Home Featured Mums “My Trying Journey with Polycystic Ovary Syndrome (PCOS)” -Eve Kabiru

“My Trying Journey with Polycystic Ovary Syndrome (PCOS)” -Eve Kabiru


This is the story of 32-year-old Eve Kabiru who shares her motherhood experience with us, which includes trying for a baby, being blessed with a son, suffering a miscarriage, and trying to conceive again. 

“I share my story today because I’ve finally found the courage to talk about it two years after my miscarriage. After I got married, I stayed for three years without conceiving, even though I wasn’t on any contraceptive. It was very stressful because I didn’t know what the problem was. Thankfully though, I eventually conceived and bore my son in February 2011. It was an ecstatic moment.

But I would soon be stressed again because of my weight. I had added so many kilos during the pregnancy that my weight appeared abnormal. I thought breastfeeding would help me shed some of it, but it did not. Even though I wasn’t overeating and I was exercising, the kilos were just not dropping and I remained clearly overweight. It didn’t help matters much that people would criticize me about it. Some friends would make snide comments -sometimes openly, sometimes subtly.

“Gosh Eve, you’ve added so much weight after having your baby! Control your eating! Do some workouts!” they would say.

Also Read: “Severe Period Pain has been my Normal for 20 Years” -Elsie Wandera’s Story 

My face also changed and became oily, giving me a shiny look. The same friends would interrogate me on why this was so. I felt bad because I didn’t know why my face had changed or why I was overweight. I felt so helpless. None of them took time to ask me if anything was wrong, and I chose not to tell them anyway, instead preferring to keep just a few friends –only those who seemed to have some empathy for me.

In 2012, I noticed hair growth on my toes and laughed it off, consoling myself that after all, no one would know about it! I also started getting easily irritated, characterized by crazy mood swings where I would snap at the slightest provocation. So I decided to keep to myself and avoid people. I ended up losing quite a number of friends in the process. I thank God for the few friends and family members who stood by me.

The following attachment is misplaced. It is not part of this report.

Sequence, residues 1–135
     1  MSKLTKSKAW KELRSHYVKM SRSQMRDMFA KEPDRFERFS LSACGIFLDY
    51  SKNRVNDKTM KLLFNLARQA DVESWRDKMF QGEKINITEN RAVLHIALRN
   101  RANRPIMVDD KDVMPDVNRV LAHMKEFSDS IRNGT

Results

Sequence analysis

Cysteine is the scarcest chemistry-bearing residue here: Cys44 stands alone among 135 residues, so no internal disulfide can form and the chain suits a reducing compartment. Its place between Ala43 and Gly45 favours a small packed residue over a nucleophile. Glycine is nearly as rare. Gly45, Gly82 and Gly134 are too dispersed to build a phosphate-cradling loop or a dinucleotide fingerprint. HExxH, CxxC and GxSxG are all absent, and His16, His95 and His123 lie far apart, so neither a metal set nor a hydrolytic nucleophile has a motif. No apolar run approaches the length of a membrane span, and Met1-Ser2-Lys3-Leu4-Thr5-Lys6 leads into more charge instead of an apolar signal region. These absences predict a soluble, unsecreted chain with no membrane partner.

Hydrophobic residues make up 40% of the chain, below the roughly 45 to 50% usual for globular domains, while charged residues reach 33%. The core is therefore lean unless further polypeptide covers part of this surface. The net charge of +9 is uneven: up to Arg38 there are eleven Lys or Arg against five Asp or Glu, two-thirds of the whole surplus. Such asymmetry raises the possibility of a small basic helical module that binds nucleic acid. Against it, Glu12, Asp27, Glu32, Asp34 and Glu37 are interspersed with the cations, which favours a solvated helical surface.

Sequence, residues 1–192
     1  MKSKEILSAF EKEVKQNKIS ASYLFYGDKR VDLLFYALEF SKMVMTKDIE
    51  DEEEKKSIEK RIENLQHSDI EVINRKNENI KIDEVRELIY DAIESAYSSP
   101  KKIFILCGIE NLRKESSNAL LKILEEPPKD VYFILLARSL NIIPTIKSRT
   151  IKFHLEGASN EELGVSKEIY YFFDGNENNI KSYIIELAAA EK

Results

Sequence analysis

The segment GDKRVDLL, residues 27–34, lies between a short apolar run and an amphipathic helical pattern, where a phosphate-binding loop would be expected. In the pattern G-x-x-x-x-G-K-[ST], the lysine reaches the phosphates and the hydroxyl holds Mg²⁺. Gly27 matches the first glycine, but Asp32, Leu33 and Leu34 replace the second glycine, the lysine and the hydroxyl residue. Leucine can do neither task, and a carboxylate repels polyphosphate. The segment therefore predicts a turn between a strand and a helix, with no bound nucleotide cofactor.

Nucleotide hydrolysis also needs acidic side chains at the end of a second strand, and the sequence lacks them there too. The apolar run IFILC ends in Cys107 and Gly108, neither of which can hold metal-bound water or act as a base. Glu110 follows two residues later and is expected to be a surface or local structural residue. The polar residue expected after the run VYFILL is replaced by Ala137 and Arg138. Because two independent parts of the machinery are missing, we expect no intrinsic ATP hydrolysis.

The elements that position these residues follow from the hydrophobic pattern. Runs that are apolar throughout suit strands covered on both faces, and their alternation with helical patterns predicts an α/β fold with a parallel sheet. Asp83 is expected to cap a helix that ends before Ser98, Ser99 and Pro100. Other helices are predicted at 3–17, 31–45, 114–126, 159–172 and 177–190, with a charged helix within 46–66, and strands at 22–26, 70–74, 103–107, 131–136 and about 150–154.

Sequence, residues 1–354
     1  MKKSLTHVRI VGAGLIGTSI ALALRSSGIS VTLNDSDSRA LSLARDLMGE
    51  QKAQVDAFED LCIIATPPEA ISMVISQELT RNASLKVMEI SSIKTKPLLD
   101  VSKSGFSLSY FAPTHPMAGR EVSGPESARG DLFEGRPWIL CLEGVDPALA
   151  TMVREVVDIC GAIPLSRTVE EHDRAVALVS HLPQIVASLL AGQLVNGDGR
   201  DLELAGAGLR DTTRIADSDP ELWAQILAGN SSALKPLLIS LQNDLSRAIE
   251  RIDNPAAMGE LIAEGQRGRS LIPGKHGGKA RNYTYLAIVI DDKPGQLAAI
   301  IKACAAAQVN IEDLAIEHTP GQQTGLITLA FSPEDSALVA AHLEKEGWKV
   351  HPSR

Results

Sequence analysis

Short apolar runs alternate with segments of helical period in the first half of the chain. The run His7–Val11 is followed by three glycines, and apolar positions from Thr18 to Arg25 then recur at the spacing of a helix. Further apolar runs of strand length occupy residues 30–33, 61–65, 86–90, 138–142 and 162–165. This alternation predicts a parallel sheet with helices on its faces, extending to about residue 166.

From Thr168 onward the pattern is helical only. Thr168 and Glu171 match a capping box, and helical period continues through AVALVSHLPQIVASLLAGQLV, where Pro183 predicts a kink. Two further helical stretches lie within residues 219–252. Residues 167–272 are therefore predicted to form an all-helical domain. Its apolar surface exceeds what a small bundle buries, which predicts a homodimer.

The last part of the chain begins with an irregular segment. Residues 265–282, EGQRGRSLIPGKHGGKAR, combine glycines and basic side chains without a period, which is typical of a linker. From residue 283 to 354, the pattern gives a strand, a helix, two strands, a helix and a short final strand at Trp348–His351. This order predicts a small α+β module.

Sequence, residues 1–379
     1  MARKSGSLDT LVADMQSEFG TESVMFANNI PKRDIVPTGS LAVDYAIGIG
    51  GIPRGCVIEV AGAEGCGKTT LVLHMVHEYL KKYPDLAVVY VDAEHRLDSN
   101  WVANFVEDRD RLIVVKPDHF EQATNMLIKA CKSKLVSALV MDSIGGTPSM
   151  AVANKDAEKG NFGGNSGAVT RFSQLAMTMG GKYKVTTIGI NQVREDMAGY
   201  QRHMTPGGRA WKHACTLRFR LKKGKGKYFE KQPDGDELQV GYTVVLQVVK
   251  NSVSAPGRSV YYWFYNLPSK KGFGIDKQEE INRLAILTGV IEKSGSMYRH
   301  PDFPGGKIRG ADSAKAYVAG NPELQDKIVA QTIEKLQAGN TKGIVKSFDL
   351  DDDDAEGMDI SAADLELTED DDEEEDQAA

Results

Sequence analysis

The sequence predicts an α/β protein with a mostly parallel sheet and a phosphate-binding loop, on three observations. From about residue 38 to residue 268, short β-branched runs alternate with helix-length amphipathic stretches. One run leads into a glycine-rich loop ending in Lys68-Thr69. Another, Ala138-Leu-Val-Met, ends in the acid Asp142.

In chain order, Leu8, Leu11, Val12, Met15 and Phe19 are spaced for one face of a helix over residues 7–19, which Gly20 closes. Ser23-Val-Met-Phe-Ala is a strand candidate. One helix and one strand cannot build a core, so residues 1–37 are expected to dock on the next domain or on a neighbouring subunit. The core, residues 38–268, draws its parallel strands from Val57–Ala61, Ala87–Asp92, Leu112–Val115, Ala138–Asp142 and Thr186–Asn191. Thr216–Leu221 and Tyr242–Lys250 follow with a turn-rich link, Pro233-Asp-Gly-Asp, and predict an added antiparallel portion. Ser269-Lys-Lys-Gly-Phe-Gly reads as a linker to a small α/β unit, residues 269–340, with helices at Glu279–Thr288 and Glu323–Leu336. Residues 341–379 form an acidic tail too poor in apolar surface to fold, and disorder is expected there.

I then began experiencing great abdominal pains and even though they worried me, I ignored the need to go see a doctor. But months later, when the pain became extremely unbearable, I decided to go to the doctor who recommended several tests.

The test results revealed a diagnosis of Polycystic Ovary Syndrome (PCOS), which is a condition that affects women of reproductive age, and is caused by an imbalance of reproductive hormones. This hormonal imbalance creates problems in the ovaries. Irregular or prolonged menstrual periods, excess weight, excess hair growth and acne can all occur in women with PCOS.

See Also: Why you are not Getting Pregnant

Following the diagnosis, I found myself asking so many questions: What did it mean for me? Was it a cancerous condition? For how long was I going to have the cysts? What was going to happen to me?

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Maryanne W. Waweru is a Kenyan mum raising her two sons in Nairobi. A journalist, Maryanne is passionate about telling stories and hopes that through her writing, her readers learn something new, feel encouraged, inspired, and appreciative of what they have in their lives. Maryanne's writing focuses on motherhood, women and lifestyle. "Telling stories is the only thing I know how to do," she says.



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